Frogs, Cica Ghost’s latest region-wide installation in Second Life opened on Sunday, February 5th. After the poignant, provocative Burning (which you can read about here), Frogs sees Cica in a lighter mood, with a little play on fairy stories – albeit with a little touch of pathos.
Across one of Cica’s familiar undulating landscapes sits a huge house. Or at least, part of a huge house. We’ll return to that in a moment. A few trees, some a little scrawny, others tall or fat, are scattered across the landscape, some with their trunks ringed by flat circles of round stones. But these hold the attention for the first few seconds after arrival, before eyes are drawn inevitably to the frogs of the title. Given their size, they are a little hard to miss!
By default, seven of the amphibians occupy the region, sitting either individually or in little groups, their croaking filling the air as they bounce up and down on their hind legs as little children might seem to rise and fall when suffering a bad case of hiccups. All of them crouch with forelegs folded over the top of pot bellies, mere bumps caught between belly and folds of fleshy throats. Wide-eyed and horned, six of these frogs are green, while the seventh sits alone and aloof, upon the stump of a tree. Its skin glistening and brown, it stares out to sea unaware that it is being watched by one of Cica’s crows, also perched on a tree stump.
It’s a wonderful, whimsical sight – although it is hard to know quite what to make of it on first sight. But then the fact that it brings a smile to one’s lips, and the opportunity to join in the fun by donning the free frog avatar Cica provides at the landing point, and go hopping off across the landscape is reason enough to simply enjoy the moment.
It is at the aforementioned huge wall where the mood shifts. The side facing the landing point has a little girl dressed in a simply knitted dress, feet shod in heavy boots, drawing what might be a self-portrait upon it: a little girl dreaming of a prince who might sweep her away to a different life. On the far side of the wall (touch the huge door if it is not open when you arrive), we catch a glimpse of her threadbare life, complete with an image of times past.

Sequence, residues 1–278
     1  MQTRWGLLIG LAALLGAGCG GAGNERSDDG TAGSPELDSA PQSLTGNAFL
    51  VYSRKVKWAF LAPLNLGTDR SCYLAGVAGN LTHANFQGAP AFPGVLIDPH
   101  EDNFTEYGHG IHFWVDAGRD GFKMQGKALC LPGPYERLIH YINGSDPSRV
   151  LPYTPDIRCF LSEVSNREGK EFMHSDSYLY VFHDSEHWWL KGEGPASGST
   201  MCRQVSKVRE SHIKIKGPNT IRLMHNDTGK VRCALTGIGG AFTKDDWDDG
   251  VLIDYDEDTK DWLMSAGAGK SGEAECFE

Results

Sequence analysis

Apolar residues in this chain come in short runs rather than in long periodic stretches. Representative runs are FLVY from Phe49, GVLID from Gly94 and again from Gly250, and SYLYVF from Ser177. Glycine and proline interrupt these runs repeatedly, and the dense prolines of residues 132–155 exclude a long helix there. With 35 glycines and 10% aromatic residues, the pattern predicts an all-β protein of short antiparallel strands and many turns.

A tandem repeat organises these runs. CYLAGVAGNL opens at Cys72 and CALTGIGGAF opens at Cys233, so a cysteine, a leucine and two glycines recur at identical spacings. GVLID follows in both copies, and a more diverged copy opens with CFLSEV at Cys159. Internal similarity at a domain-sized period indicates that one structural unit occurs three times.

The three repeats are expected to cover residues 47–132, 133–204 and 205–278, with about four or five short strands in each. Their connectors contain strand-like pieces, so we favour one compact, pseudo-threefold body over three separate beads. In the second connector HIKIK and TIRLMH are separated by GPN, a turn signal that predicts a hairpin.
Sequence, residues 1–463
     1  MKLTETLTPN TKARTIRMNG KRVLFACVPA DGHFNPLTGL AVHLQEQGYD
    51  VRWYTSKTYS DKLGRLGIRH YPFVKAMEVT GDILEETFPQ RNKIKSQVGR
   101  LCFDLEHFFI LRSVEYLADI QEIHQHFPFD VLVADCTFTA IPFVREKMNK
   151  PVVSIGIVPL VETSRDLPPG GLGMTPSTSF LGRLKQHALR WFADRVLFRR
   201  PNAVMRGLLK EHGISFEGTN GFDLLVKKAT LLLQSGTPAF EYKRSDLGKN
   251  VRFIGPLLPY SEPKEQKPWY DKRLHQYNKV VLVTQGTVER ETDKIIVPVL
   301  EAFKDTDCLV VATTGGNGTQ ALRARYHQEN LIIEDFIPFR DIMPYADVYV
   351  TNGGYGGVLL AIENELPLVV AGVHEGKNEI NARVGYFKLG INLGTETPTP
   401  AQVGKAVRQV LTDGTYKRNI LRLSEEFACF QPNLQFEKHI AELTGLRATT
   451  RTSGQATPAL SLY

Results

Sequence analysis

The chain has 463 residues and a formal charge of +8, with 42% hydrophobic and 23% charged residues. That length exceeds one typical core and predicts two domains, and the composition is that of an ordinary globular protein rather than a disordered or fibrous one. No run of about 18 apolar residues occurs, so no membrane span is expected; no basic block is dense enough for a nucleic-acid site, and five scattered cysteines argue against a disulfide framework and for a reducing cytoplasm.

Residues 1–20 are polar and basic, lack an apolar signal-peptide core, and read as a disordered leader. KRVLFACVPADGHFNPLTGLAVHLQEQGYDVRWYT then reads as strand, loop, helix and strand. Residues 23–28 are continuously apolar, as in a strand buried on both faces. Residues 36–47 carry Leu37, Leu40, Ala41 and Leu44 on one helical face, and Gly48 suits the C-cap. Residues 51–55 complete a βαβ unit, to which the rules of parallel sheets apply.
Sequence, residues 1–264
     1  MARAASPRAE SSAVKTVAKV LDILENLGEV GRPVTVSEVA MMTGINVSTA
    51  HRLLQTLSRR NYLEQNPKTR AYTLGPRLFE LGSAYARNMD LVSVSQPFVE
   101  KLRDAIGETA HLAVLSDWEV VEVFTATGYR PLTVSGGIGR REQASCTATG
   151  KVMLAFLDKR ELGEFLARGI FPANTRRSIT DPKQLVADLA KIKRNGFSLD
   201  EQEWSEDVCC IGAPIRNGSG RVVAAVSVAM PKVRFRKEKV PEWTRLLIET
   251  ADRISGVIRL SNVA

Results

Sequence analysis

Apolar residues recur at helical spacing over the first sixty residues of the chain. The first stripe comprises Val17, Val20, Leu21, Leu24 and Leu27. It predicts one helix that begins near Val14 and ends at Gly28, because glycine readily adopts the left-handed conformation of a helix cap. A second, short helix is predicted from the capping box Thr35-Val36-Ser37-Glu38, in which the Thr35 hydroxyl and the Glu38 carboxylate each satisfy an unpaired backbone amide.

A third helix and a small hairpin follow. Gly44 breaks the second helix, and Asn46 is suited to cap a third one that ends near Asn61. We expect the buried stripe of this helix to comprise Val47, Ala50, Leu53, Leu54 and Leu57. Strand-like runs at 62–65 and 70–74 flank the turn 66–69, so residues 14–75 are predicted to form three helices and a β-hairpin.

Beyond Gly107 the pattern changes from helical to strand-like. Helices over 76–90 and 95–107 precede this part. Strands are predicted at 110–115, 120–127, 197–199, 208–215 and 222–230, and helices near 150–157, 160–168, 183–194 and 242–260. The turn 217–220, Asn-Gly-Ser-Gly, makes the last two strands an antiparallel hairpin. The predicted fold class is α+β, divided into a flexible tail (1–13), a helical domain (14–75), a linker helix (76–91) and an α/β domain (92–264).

The juxtaposition between the poignancy surrounding the little girl and the whimsy of the frogs is striking, while the link to childhood fairy stories so subtle it might at first glance be overlooked – but it is there. If you need more convincing of the connection between little girls and the frogs hop (so to speak) onto the table in front of her little girl, and make a choice. Might it even be that the lone brown frog is, in her imagination, an enchanted prince, hence its difference to the rest of the frogs on the island?
Frogs is another gem from Cica, offering a gentle blending of humour and pathos, where visitors themselves can become a part of the scene. Should you pay a visit, do offer a donation towards Cica’s work so more delights like this can be shared.
- Frogs (Aggramar, rated: Moderate)